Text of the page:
Collection: Capillary Electrophoresis (CE) Chemicals and Accessories

Capillary Electrophoresis

In the realm of Capillary Electrophoresis (CE) and related techniques, capillaries are almost exclusively crafted from drawn fused silica, bolstered with an external polyimide coating to fortify their strength and mechanical stability. Typically, the inner walls of these capillaries are left uncoated, but specific substances can be bonded to the inner surface for two primary purposes: to eliminate undesirable interactions between the sample and the wall or to modify the extent and direction of electro-osmotic flow (EOF).

Bare Silica Capillaries

Inside bare silica capillaries, the inner wall boasts numerous surface silanol groups. When these groups come into contact with an electrolyte solution, they dissociate, resulting in a negative charge on the capillary wall. To maintain overall electrical neutrality, there must be an excess of cations in the electrolyte immediately adjacent to the inner surface. When a voltage is applied, these cations migrate towards the cathode, inducing a flow in the same direction known as electro-osmotic flow (EOF). In bare silica capillaries (uncoated silica), the EOF is particularly pronounced when the pH of the electrolyte exceeds 6, and it effectively diminishes to zero for pH values of 3 or less.

For consistent and reproducible analyses, it is crucial that the surface density of free silanol groups remains constant from one analysis to the next. To achieve this, capillaries are often rinsed with sodium hydroxide solution (or a strong acid) followed by a further rinse with the running buffer. In the case of coated capillaries, the rinsing procedures are typically less harsh to avoid stripping off the inner coating.

To ensure a uniform EOF, new uncoated capillaries are initially flushed with a 0.1M NaOH solution for 20 minutes. This process reactivates the surface silanols. It's important to note that this procedure should not be performed with wall-coated capillaries.

Electrical Double Layer - Origin of Electro-Osmotic Flow (EOF)

Electrical Double Layer - Origin of Electro-Osmotic Flow (EOF)

Capillary Regeneration

Capillary Regeneration

Coated Capillaries

The composition of the capillary's inner wall can be altered through covalent bonding with suitable substances. This modification may result in a neutral or charged surface layer.

Neutral Coatings

Neutral capillaries serve to reduce analyte adsorption or eliminate EOF. Typically, these capillaries are covalently coated with polymers like celluloses or polyacrylamide, effectively eradicating EOF. Before the bonding process, the silica surface is typically derivatized with an alkyl silane.

Charged Coatings

Capillaries can also be coated with positively or negatively charged substances to manipulate the direction and magnitude of EOF and/or reduce analyte adsorption. For instance, polyamine-coated capillaries create a highly positively charged surface, leading to a substantial EOF towards the anode—a departure from the usual direction. This positive charge repels positively charged basic compounds, reducing their tendency to adsorb on the surface.

Conversely, capillaries can be treated to enhance the negative charge on the surface compared to an uncoated capillary. This increased EOF can be advantageous in significantly reducing analysis times.

Unlike uncoated capillaries, where EOF strongly depends on the buffer pH and is absent at low pH levels, a fully ionized capillary coating over a broad pH range results in an EOF rate largely independent of pH (pH-independent capillary). This feature allows for the utilization of surfactant-based micellar electrokinetic chromatography (MECC) at lower pH values than typically employed. Low pH MECC is particularly valuable for analyzing acidic solutes that are negatively charged at high pH levels and therefore repelled by negatively charged micelles.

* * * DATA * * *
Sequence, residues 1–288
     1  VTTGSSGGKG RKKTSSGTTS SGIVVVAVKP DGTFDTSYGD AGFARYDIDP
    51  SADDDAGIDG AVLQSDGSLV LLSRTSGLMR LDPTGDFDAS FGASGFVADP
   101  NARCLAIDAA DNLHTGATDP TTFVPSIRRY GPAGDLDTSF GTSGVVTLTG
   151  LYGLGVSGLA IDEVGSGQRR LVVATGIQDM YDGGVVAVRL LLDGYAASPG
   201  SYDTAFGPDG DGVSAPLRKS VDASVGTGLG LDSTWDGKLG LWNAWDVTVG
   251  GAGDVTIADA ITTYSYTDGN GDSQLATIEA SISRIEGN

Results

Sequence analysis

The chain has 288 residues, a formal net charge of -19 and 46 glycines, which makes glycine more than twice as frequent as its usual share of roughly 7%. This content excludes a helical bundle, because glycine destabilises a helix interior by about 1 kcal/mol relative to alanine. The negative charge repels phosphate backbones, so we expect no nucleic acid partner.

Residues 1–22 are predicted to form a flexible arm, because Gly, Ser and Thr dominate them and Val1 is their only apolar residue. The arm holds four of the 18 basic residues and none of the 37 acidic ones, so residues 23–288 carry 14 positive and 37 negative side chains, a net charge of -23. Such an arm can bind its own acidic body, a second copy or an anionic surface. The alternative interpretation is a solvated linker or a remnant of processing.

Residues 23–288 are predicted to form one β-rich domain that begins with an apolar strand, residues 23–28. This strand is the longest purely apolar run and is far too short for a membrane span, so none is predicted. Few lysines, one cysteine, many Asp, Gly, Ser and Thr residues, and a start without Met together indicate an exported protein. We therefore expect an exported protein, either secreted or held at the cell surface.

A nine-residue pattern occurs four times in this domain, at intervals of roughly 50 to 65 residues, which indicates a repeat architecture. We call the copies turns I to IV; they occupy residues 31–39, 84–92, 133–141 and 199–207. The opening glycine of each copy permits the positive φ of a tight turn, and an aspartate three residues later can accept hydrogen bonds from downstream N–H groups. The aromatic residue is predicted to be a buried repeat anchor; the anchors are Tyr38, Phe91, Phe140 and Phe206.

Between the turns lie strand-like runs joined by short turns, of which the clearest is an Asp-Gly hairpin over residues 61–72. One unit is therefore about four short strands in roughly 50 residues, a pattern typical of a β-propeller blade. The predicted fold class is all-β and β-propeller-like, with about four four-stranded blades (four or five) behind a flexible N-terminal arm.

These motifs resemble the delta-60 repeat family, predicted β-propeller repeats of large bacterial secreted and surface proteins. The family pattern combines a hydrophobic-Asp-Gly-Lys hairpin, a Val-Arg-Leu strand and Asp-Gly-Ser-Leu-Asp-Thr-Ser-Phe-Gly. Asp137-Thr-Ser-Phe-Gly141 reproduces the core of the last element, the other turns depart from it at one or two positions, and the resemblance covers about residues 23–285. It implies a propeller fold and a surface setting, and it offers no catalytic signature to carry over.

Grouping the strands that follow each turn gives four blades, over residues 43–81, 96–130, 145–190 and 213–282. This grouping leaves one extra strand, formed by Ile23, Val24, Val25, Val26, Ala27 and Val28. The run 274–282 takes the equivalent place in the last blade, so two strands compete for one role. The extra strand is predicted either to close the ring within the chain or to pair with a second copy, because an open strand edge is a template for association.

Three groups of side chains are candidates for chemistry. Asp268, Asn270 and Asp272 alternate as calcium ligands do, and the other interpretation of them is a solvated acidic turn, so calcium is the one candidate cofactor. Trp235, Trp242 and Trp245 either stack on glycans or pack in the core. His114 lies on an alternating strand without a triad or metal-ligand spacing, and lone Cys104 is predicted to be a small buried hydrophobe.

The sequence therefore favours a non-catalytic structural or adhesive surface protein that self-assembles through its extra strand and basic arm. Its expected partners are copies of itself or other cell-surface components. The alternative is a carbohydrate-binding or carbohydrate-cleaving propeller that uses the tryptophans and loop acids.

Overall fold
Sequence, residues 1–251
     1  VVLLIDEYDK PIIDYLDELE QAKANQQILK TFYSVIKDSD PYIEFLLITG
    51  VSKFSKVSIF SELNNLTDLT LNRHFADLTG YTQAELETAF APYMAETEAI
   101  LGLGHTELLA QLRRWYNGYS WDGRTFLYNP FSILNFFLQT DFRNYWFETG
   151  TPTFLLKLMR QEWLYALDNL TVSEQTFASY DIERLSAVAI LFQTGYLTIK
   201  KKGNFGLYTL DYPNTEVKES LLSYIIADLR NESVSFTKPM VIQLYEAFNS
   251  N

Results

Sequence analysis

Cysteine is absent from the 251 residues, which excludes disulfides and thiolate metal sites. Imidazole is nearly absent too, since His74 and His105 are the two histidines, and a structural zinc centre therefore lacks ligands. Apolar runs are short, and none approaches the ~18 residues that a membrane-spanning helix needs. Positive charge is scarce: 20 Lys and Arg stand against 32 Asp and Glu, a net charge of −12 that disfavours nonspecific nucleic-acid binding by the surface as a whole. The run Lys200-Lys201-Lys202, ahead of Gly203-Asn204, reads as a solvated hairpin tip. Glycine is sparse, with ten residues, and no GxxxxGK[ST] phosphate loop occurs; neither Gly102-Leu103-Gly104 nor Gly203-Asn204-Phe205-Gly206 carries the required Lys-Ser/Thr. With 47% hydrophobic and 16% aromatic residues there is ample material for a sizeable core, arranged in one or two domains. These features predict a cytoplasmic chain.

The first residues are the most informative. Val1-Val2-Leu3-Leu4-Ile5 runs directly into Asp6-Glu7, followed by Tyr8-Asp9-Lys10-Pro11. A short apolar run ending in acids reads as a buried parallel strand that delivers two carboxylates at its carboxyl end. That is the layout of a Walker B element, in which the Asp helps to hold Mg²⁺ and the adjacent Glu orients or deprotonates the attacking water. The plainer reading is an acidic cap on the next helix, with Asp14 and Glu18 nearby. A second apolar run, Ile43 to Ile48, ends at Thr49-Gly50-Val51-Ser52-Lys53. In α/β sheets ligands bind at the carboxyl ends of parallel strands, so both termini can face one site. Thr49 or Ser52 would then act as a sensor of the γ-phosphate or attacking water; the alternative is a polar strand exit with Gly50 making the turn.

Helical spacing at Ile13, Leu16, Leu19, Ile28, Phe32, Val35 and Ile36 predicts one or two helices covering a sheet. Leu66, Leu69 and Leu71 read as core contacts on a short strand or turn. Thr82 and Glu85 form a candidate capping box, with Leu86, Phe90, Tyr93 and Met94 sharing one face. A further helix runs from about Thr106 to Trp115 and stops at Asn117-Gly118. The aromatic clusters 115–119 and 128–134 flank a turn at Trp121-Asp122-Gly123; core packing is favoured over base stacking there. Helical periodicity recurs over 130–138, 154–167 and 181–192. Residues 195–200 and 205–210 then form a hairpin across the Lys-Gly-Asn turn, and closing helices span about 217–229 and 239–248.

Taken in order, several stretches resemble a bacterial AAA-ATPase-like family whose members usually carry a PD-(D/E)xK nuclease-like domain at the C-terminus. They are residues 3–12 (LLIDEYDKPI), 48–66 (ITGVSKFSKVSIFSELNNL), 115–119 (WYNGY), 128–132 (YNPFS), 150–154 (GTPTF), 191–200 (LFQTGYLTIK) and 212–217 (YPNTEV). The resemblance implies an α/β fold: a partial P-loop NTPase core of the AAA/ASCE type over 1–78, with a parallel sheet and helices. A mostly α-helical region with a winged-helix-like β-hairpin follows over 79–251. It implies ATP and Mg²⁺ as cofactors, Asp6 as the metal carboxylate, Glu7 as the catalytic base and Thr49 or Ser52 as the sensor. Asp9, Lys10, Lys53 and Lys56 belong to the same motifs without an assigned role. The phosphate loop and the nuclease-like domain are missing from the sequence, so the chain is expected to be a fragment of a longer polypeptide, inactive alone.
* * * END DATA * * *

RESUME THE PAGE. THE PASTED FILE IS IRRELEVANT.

Precise control of surface charge density on pH-independent coatings enables fine-tuning of EOF. A medium charge density produces a moderate EOF rate (medium flow capillary), while a low level of coating results in a low EOF (low flow capillary).

Additional Information on Capillaries

Uncoated CE capillaries are constructed from high-quality drawn fused silica, ensuring excellent UV transparency. All Capital Analytical capillaries possess an outer diameter of 375μm and are available with internal diameters of 50μm and 75μm.

For ease of handling and installation, most CE instruments utilize a cartridge that houses the coiled capillary. Standard capillary lengths are typically 25-75cm, with longer lengths, such as 100cm or more, occasionally employed for specialized applications, like interfacing commercial CE instruments with mass spectrometers.

Replacing capillaries can be tricky since the removal of the polyimide coating to create the detection window leaves the exposed fused silica quite fragile. To mitigate the risk of damage, Capital Analytical offers prepared capillaries that are pre-fitted in cartridges, precisely aligned with the detection aperture to ensure maximum UV sensitivity. Proper cutting of the injection end of the capillary is crucial for maintaining peak precision and preventing issues like sample carry-over. Capital Analytical's prepared capillaries are expertly cut with a precisely positioned UV detection window and a portion of the polyimide coating removed from the injection end to enhance sample introduction accuracy.

Additionally, Capital Analytical can provide capillaries in non-standard lengths or offer precision preparation services for customers who prefer to supply their own capillaries. The company also offers capillary replacement services for various cartridge formats.

For inquiries about capillary replacement for specific instrument formats, please contact our sales office.